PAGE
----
Scientific: Salvia splendens
Common: garden sage, scarlet sage
Family: Lamiaceae, the mint family
Origin: South Brazil rain forests

Pronounciation: SAL-vi-a SPLEN-dens

Hardiness zones
All zones
USDA All zones

Landscape Use: Herbaceous border bedding plant, garden color, accent, mass color, and container plant.

Form & Character: Herbaceous perennial grown as an annual in the Phoenix area, small but upright and stiff. colorful bright and cheery.

Growth Habit: The cultivated form of garden sage is seldom branched producing a terminal floral spike the height of which varies by cultivar from 8 to 30 inches tall. Note however, that in its native south American habitat it might attain an amazing height of 8 feet.

Foliage/Texture: Leaves are opposite, ovate, glabrous with crenate margins and prominent veins, medium green to 3 inches long on green stems sometimes angular; medium texture.

Flowers & Fruits: Multiple flower bract colors ranging from white, pink, salmon, red, to deep purple born on a terminal racemose spike. Fruit a paper capsule and can reseed in moist urban gardens.

Seasonal Color: Free flowering and can be grown in Phoenix most anytime of year with appropriate protection.

Temperature: Tolerant of all but high heat during monsoon. Productive in Phoenix when temperatures are between 40o and 105oF.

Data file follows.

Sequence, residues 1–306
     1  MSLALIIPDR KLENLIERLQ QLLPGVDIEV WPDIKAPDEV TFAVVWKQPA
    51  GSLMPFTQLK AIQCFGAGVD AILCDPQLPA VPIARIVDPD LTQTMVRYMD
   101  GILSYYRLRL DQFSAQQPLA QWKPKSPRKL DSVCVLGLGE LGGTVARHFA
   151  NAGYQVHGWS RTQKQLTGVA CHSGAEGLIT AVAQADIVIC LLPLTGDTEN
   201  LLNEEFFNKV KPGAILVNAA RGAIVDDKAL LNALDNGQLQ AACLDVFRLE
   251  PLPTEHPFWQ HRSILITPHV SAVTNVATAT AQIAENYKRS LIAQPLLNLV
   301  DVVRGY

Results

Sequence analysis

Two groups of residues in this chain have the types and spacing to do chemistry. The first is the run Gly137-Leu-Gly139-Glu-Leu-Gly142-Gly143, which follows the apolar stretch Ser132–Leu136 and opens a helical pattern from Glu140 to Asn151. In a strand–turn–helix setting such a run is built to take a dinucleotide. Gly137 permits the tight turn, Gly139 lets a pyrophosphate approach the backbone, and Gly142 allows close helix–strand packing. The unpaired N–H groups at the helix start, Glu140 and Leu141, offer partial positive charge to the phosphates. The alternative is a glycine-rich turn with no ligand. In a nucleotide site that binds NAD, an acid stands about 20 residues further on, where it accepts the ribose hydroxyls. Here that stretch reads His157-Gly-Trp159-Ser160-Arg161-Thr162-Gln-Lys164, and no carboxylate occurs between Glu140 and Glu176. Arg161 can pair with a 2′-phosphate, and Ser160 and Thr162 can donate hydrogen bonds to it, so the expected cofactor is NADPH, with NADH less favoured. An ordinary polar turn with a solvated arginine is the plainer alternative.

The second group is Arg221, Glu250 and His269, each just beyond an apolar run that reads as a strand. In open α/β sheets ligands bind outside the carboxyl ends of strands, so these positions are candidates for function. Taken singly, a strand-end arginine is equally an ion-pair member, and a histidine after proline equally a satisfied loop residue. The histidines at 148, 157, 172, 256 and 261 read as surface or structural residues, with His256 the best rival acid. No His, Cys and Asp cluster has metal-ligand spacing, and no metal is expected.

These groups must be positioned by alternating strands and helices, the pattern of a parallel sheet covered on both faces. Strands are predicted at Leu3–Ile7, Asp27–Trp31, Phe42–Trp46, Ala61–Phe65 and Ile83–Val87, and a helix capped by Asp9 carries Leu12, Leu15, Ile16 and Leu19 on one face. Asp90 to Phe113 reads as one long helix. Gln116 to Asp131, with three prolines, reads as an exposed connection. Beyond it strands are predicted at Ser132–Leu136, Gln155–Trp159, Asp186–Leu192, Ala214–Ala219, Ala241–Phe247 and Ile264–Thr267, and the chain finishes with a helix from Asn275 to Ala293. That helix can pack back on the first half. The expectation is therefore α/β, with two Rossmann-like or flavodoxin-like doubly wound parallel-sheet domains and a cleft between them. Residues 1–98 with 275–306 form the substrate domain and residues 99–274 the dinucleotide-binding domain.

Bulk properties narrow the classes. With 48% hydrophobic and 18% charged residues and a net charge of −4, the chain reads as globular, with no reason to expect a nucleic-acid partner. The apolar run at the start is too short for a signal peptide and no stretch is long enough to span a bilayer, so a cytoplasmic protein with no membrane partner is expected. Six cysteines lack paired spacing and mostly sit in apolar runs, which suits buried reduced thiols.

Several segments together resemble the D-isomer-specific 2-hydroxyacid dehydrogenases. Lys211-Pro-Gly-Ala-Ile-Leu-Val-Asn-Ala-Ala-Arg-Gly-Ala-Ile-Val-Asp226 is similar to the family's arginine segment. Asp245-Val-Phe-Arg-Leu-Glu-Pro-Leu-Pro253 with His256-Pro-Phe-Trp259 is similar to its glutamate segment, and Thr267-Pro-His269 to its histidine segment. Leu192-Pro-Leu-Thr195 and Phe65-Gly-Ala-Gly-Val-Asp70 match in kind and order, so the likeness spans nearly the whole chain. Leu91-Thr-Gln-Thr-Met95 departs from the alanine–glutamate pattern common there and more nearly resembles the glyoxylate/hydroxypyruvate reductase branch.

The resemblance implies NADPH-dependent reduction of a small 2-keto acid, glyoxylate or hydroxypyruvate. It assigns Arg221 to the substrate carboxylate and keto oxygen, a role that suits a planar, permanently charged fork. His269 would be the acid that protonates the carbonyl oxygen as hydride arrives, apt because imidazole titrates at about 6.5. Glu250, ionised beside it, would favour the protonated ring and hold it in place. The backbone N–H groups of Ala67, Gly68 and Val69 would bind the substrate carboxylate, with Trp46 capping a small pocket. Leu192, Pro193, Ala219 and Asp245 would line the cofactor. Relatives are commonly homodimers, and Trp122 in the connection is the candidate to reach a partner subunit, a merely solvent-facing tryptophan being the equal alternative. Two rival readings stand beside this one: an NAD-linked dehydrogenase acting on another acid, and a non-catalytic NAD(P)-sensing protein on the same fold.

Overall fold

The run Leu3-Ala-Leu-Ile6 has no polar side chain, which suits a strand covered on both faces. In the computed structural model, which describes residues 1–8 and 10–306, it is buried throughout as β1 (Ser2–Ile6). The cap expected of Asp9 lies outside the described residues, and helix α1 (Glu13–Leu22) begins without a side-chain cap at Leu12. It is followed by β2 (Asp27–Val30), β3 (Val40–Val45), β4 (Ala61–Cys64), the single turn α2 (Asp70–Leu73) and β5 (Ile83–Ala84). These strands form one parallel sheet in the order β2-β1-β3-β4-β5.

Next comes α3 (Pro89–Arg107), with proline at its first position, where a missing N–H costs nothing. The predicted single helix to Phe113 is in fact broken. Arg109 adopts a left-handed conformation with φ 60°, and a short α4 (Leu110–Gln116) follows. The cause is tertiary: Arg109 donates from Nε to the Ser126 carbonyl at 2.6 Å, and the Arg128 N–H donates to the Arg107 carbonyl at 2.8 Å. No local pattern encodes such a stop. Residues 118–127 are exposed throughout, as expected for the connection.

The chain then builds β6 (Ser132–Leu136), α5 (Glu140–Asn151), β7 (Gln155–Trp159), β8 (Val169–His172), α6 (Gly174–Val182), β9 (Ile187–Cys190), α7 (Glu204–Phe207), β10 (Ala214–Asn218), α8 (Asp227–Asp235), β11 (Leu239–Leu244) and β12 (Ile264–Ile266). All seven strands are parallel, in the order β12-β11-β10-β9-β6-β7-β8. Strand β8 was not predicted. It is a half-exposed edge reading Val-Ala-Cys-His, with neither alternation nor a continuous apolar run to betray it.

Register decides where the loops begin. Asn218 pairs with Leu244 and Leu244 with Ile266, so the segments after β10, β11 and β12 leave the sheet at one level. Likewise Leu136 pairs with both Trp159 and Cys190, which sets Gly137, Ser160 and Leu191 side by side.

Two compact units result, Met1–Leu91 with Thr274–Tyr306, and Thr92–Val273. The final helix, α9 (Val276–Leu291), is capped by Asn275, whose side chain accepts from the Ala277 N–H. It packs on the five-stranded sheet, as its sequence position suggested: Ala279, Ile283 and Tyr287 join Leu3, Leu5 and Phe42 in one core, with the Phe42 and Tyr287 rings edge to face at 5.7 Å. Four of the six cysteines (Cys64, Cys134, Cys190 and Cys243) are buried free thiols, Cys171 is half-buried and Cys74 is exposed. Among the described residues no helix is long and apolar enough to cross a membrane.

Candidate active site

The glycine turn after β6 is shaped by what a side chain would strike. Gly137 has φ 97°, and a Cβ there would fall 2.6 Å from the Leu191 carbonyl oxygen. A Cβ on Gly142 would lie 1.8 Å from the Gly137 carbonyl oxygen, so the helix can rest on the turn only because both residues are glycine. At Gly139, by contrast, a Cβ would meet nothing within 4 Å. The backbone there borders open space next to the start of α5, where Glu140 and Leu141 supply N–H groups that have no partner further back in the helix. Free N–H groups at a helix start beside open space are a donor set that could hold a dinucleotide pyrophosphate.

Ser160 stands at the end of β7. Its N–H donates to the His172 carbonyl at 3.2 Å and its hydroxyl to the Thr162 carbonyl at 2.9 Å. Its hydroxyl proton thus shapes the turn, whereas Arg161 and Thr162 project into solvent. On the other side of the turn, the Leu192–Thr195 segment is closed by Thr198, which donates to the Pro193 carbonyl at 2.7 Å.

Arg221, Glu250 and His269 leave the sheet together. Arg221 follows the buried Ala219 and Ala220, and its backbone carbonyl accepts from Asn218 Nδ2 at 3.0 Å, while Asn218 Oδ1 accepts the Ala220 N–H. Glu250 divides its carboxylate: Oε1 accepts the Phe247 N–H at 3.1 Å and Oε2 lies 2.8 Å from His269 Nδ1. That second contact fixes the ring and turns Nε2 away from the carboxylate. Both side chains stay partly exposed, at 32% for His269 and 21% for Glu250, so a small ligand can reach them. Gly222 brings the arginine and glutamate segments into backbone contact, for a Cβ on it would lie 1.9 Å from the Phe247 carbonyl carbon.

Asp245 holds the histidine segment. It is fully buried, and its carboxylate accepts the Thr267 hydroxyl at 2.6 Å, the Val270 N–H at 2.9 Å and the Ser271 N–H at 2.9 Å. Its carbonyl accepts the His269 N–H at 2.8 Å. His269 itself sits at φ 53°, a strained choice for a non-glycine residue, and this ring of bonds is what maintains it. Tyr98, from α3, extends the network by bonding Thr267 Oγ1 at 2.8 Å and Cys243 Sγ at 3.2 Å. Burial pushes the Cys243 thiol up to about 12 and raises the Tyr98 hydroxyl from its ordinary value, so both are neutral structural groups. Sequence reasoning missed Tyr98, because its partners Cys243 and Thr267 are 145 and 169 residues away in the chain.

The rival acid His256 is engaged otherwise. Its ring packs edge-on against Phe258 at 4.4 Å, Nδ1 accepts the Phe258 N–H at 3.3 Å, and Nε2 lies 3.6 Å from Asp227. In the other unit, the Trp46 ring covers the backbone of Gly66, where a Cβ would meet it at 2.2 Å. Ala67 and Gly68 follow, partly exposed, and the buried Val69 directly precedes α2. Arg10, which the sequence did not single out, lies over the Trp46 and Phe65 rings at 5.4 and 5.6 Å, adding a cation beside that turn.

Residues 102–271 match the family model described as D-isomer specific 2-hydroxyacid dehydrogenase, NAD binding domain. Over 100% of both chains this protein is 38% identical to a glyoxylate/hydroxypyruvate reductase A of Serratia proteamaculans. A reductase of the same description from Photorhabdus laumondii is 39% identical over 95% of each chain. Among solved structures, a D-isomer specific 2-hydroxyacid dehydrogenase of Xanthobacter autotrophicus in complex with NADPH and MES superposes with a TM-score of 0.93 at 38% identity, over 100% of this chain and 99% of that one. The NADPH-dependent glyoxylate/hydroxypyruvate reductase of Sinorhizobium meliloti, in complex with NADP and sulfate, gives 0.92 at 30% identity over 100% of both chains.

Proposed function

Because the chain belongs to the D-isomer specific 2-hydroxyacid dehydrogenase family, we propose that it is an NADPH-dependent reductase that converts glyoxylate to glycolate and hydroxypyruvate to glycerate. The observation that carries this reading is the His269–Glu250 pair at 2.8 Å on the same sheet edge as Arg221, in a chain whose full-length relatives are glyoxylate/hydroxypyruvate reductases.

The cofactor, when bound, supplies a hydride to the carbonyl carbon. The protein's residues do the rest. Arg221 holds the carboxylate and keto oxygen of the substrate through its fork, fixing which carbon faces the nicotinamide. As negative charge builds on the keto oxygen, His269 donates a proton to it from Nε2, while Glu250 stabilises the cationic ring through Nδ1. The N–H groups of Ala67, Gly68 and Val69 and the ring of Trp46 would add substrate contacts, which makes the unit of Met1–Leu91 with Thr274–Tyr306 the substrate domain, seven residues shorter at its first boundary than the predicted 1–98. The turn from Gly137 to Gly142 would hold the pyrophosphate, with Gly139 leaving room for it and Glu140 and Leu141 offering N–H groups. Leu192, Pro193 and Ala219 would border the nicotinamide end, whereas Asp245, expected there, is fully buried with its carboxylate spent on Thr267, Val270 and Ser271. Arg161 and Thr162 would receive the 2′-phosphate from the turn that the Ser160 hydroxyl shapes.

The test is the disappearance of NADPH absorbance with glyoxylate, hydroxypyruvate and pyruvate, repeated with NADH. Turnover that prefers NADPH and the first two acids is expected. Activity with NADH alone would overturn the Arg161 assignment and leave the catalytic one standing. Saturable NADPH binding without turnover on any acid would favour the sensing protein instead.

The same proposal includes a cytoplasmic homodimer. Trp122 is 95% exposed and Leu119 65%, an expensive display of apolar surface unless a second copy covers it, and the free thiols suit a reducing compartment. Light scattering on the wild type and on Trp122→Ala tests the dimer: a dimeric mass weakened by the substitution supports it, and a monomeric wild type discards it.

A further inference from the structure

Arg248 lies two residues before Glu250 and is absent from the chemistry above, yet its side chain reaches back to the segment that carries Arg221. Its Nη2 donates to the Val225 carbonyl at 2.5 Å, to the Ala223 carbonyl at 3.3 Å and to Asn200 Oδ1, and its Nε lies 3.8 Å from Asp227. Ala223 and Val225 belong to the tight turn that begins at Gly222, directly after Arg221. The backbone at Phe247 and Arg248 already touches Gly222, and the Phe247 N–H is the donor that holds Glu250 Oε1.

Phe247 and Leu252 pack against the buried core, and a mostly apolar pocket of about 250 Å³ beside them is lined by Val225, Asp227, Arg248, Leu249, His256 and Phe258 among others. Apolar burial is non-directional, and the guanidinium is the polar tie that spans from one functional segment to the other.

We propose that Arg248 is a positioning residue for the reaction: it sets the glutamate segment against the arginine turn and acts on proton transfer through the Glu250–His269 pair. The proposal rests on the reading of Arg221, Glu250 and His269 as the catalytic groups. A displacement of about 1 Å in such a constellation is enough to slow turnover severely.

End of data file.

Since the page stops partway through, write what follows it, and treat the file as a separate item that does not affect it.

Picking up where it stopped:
Light: Full sun to partial shade from western sun.

Soil: Well-drained soil with a high organic matter content is needed. Applications of a complete fertilizer with enhanced phosphorus will enhance bloom, especially in the Phoenix area.

Watering: Provide regular water to maintain luster.

Pruning: Deadhead spent flower spikes to prolong bloom period and promote new flower spikes, otherwise leave alone.

Propagation: Seed

Disease and pests: Nematodes, tobacco mosaic virus, curly top leaf virus.

Additional comments: Salvia is a rich and diverse genus with over 900 known species worldwide, great landscape potential. S. splendens is one of the most commonly grown ornamental Salvia species. It is cultivated as a bedding plant in many countries. It is grown everywhere in the United States as a bedding plant and there are now cultivars with various flower bract colors. Check out this purple one! In Phoenix, it is a tender annual used primarily as spring and early summer bedding plant.